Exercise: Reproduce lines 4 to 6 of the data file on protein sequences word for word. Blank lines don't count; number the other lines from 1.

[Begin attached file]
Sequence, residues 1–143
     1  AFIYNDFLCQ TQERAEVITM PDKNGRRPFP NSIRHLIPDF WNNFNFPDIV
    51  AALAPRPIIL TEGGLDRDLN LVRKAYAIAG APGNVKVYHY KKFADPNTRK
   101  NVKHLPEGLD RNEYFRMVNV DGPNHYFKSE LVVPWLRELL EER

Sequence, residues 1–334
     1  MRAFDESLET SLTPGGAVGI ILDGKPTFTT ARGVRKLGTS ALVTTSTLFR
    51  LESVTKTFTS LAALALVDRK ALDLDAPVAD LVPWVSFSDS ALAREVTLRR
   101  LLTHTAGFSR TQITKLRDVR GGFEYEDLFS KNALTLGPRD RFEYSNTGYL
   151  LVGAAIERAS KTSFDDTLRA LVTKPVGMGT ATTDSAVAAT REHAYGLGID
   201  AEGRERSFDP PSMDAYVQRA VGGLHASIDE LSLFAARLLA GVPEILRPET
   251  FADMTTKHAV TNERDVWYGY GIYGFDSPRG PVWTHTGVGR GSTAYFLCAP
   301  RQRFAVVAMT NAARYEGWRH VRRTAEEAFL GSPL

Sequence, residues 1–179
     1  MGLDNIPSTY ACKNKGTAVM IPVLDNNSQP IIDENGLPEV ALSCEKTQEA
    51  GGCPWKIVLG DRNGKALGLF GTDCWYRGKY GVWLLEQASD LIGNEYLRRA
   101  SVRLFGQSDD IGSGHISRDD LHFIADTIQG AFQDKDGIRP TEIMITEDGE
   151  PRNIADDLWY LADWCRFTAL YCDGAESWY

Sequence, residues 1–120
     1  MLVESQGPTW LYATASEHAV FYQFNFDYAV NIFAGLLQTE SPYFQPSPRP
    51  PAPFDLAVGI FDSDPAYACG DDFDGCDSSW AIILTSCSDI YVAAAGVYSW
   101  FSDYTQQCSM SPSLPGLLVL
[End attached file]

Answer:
   101  NVKHLPEGLD RNEYFRMVNV DGPNHYFKSE LVVPWLRELL EER

Sequence, residues 1–334
     1  MRAFDESLET SLTPGGAVGI ILDGKPTFTT ARGVRKLGTS ALVTTSTLFR